TechniCom’s Kurland Discusses the Autodesk Inventor vs. SolidWorks Study

TechniCom's president Ray Kurland discusses the outcomes of a study that compares Autodesk Inventor and SolidWorks.

If you’re a devout SolidWorks user, you’ll probably take issues with the outcome of a study TechniCom published this week. In “Comparing the Capabilities of Autodesk Inventor Professional 2011 and SolidWorks Premium 2010,” TechniCom analysts found that “Inventor rated higher than SolidWorks in every one of the 15 categories.”

Introducing the paper, TechniCom president Ray Kurland wrote, “TechniCom compared 15 functional areas of Autodesk Inventor Professional 2011 vs. SolidWorks Premium 2010 using a technique called Delphi Expert Analysis. We compared 15 major functional areas using a questionnaire with 161 functional questions. Both products were rated on each question by a team of four experts for each software product who rated how well each product performed for that functional question. TechniCom’s analysts independently selected the questions. In my estimation, the functional questions do not favor any specific vendor or product.”

Kurland acknowledges that one evaluation category, the integration of BIM (building information modeling), tips the scale in Autodesk’s favor, a sponsor of the published paper. He clarified, “The study was not asking whether each system could perform BIM—rather, the seven questions we asked the experts were focused on the interaction between a mechanical system and BIM. In essence, could mechanical parts be designed for use within a BIM system? Areas of focus included: managing the space requirements for the mechanical  design within the building model,  bi-directional data transfer, associative data management, and UI (user interface) issues.”

Neither of the packages compared in the study is meant for architectural modeling or BIM. However, Autodesk Inventor offers BIM exchange tools that allow users to export mechanical models into Autodesk Revit, an architectural modeling program from Autodesk. Both programs facilitate import/export of common file formats such as IGES, STEP,  or DWG, allowing their users to work with architectural modelers.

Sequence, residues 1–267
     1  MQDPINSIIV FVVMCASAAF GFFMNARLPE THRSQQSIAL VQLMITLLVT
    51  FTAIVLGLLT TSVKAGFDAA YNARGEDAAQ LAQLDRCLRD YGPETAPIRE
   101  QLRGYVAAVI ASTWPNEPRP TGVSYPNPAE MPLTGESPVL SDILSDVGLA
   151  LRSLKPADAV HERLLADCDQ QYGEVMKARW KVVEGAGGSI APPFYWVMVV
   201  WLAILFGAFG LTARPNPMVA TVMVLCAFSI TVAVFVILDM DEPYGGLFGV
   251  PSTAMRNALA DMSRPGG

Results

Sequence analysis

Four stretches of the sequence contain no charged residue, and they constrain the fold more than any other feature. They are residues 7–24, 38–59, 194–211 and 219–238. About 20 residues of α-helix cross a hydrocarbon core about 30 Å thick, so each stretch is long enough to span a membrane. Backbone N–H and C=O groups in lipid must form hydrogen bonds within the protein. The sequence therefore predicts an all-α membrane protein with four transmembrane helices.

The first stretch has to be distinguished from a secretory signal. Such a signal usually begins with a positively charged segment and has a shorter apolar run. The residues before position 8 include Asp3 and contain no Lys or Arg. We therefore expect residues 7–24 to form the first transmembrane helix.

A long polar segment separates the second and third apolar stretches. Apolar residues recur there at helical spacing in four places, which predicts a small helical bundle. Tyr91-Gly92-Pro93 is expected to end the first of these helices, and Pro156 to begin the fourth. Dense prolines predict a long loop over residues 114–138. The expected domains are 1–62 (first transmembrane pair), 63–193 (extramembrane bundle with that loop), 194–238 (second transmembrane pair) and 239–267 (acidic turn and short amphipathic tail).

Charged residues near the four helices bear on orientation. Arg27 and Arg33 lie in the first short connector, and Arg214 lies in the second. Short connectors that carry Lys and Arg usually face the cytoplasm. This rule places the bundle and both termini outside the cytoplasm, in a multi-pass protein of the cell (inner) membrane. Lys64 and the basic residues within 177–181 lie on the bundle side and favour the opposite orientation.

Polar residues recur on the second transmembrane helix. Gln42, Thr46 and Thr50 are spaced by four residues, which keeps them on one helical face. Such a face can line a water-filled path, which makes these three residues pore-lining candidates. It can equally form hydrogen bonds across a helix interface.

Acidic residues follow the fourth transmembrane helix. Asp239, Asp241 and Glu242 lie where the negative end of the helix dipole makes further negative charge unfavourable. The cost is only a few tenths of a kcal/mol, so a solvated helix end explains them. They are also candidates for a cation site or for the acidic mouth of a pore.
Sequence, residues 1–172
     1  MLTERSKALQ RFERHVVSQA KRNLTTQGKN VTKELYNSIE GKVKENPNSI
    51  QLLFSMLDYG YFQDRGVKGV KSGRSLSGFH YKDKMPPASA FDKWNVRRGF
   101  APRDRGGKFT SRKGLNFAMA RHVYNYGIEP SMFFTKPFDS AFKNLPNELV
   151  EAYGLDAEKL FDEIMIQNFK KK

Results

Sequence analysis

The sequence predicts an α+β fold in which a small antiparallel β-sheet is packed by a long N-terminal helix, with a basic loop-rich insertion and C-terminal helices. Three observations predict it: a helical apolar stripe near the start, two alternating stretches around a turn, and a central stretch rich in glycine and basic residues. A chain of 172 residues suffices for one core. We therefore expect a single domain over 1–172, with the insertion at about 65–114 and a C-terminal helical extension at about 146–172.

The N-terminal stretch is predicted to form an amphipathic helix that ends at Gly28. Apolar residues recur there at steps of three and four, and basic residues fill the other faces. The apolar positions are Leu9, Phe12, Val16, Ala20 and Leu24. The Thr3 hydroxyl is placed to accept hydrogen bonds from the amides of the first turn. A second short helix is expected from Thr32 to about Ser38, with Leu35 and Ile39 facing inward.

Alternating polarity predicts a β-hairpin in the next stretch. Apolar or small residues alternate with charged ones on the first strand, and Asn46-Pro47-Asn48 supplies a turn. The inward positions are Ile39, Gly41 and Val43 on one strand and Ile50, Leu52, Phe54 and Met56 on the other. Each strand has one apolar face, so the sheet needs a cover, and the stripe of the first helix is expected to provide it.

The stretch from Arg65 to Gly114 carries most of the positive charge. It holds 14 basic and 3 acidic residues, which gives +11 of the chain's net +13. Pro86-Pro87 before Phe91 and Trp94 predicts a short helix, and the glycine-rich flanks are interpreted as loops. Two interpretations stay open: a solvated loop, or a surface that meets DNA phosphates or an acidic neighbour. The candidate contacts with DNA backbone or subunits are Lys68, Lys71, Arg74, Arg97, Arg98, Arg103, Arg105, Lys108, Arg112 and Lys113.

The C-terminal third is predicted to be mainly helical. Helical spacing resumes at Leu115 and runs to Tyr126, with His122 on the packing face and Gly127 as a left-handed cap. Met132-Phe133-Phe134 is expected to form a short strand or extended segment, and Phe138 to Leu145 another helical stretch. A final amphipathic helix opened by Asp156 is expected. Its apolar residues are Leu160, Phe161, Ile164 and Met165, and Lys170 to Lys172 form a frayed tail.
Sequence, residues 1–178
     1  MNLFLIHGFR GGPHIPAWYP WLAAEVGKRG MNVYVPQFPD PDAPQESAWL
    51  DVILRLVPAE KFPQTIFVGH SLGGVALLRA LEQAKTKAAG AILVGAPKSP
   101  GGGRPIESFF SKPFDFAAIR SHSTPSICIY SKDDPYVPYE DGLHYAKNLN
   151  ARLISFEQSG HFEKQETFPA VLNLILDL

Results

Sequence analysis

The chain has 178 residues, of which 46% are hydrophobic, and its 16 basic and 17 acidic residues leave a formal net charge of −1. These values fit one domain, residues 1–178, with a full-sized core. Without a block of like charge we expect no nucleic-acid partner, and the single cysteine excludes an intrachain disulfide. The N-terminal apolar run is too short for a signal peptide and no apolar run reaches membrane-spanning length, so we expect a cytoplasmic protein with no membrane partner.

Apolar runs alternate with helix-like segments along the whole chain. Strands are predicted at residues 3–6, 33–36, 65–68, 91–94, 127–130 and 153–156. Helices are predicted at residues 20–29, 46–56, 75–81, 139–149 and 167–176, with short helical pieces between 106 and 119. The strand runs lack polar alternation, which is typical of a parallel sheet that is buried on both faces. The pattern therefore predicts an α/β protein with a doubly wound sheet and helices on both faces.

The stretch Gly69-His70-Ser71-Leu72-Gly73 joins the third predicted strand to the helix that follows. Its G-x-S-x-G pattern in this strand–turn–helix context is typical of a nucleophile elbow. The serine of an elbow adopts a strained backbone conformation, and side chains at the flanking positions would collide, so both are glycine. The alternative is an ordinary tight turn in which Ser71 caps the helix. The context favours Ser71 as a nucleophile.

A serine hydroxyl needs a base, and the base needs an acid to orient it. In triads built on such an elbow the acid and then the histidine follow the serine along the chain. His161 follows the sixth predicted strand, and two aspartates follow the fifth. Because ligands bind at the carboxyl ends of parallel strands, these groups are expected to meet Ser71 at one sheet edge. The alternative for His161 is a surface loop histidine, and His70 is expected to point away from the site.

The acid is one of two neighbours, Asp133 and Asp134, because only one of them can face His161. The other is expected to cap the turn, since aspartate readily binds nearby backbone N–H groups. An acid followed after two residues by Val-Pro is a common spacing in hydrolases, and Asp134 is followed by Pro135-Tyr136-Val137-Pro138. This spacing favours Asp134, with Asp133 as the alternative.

Sustainability, a category omitted from the evaluation, could have conceivably favored SolidWorks, as SolidWorks ships with Sustainability Xpress, a tool for measuring environmental impact of designs.

“Readers might ask how unbiased this analysis is, since it was sponsored by [Autodesk] the author of one of the products being compared,” Kurland noted. “While we admit to some bias in selecting the functions to be compared, particularly as it relates to the mechanical interest in BIM, all the functional areas selected for comparison are important.”

Its controversial nature notwithstanding, Kurland stands by the study. He concluded, “Readers need to understand that this report provides a glimpse of certain expert opinions. While this was a small group considering that both products have hundreds of thousands of installations, we believe that the results are valid in assessing overall capabilities.”

For more, listen to my conversation with Kurland.

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Kenneth Wong

Kenneth Wong is Digital Engineering’s resident blogger and senior editor. Email him at [email protected] or share your thoughts on this article at

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